A total of 138 distinct metabolites between the NC and MC groups were identified as potential biomarkers in both positive-ion and negative-ion modes (VIP > 1 and p < 0.05). Among these metabolites, 32 metabolites were in KEGG databases (Table 2). Out of the 32 metabolites, 21 metabolites were found to be significantly different between the LI and MC groups. In the L group, the levels of oryzalexin E and β-thujaplicin were found to be lower than those in the MC group. Compared with the NC group, L-phenylalanine and L-tryptophan significantly decreased in the MC group, but significantly increased by 7.61% and 11.89% in the LI group, respectively. Compared with the NC group, sphingosines (such as 3-ketosphingosine and glucosylsphingosine) were significantly decreased in the MC group, and returned to normal control (NC) levels following the LI treatment. Furthermore, the LI group exhibited a significant reduction of several metabolites that were significantly increased in the MC group compared to the NC group, including galactosylglycerol, OXYQUINOLINE, cucurbic acid, (10)-gingerol, lumichrome, lotaustralin, 1h-indole-3-carboxaldehyde, phaseolic acid, 5-hydroxyvalproic acid, dihydrophaseic acid, 13(S)-HpODE, yangonin, b-thujaplicin, 5-hydroxyindoleacetic acid, and methylsuccinic acid. Metabolic pathways in which differential metabolites were involved were identified using KEGG enrichment analysis. Comparison of the NC and MC groups (Fig. 5A) revealed that T2DM induced significant changes in metabolites in several pathways, including "choline metabolism in cancer" (p < 0.001), "linoleic acid metabolism" (p < 0.01), "glycerophospholipid metabolism" (p < 0.05), "apoptosis" (p < 0.05) and "sphingolipid signaling pathway" (p < 0.05). Comparison of the LI group with the MC group (Fig. 5B) showed that LI caused significant alterations in several pathways including "cyanoamino acid metabolism" (p < 0.05), "linoleic acid metabolism" (p < 0.05), "mineral absorption" (p < 0.05), "glucosinolate biosynthesis" (p < 0.05), "serotonergic synapse" (p < 0.05), and "biosynthesis of phenylpropanoids" (p < 0.05). Comparison of the L and LI groups (Fig. 5C) revealed that differential metabolites were mainly significantly enriched in "serotonergic synapse" (p < 0.05), "glycerolipid metabolism" (p < 0.05), and "linoleic acid metabolism" (p < 0.05) pathways. It can be inferred that the metabolic pathways of "linoleic acid metabolism" and "serotonergic synapse" may be important targets for further attention. The bubble diagram of the KEGG pathway topology (Fig. 5D) revealed that "tryptophan metabolism" was most significantly influenced by its differential metabolites between the LI and MC groups. The analysis revealed that LI treatment led to significant changes in the levels of multiple metabolites, which were found to be significantly enriched in several pathways including "serotonergic synapse", "linoleic acid metabolism", and "tryptophan metabolism". These findings suggest that LI treatment may have a beneficial effect on metabolic pathways related to "serotonergic synapse", "linoleic acid metabolism", and "tryptophan metabolism".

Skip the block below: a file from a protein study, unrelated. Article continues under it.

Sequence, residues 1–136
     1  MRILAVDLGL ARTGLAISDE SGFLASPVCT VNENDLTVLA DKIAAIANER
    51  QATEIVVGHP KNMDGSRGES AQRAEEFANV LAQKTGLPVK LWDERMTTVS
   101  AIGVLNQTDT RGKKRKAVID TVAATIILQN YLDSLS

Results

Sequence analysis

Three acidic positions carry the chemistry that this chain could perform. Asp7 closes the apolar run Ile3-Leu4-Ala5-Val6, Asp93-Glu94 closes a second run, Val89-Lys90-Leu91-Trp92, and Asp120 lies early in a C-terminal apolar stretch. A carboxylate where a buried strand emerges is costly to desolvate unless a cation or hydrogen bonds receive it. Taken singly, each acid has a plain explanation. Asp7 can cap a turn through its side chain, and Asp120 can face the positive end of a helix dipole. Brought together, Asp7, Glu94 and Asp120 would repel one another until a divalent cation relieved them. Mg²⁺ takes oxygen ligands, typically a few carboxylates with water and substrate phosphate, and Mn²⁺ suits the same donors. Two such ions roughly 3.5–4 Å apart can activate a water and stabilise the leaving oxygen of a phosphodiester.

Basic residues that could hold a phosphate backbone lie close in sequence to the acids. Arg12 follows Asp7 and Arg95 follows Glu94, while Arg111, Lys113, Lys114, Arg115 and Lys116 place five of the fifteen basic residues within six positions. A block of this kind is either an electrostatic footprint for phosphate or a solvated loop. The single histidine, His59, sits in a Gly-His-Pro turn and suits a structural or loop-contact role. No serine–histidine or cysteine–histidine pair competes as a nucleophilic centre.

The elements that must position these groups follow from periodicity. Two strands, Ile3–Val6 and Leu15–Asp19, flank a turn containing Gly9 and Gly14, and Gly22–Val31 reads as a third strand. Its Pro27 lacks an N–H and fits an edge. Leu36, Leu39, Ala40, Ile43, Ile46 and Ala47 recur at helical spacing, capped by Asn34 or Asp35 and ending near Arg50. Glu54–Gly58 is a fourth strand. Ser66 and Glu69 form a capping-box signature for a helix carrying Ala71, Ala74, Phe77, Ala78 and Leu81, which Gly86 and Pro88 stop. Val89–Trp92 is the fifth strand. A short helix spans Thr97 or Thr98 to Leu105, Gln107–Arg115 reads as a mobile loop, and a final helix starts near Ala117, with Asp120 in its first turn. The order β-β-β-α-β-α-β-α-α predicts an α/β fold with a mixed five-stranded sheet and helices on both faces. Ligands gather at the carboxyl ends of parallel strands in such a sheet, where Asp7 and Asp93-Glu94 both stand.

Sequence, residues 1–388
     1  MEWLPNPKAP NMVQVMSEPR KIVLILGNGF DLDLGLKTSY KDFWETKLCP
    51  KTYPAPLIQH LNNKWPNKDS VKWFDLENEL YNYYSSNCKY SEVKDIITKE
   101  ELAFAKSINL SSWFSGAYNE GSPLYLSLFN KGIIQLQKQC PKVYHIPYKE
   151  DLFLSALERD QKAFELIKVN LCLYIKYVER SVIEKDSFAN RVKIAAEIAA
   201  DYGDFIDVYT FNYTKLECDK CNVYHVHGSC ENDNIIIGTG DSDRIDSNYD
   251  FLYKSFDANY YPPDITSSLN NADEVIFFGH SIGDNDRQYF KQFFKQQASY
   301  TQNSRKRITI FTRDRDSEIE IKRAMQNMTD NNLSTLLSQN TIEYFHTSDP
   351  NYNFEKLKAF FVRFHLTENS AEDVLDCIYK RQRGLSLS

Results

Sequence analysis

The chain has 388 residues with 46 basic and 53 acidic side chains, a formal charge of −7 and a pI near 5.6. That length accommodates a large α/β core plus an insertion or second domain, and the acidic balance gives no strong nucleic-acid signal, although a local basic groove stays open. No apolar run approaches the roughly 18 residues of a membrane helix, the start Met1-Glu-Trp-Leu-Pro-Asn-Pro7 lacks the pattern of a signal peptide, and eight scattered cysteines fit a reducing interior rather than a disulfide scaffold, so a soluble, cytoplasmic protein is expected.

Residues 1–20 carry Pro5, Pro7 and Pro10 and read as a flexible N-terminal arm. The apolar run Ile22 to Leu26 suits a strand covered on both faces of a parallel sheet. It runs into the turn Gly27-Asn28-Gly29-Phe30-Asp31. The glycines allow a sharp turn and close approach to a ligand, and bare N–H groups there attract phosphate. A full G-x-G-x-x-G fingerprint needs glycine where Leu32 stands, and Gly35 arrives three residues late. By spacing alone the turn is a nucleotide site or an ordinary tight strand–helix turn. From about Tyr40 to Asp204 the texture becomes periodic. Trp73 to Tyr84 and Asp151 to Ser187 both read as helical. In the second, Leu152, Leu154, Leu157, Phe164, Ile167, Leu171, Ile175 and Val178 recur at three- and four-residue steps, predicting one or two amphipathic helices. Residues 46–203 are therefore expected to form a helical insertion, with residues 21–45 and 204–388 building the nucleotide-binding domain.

Table 2 . The 32 differential metabolites associated with risk of T2DM in mice..

Ion modesMetaboliteKEGG IDMC/NCL/MCLI/MCL/NCLI/NCFormula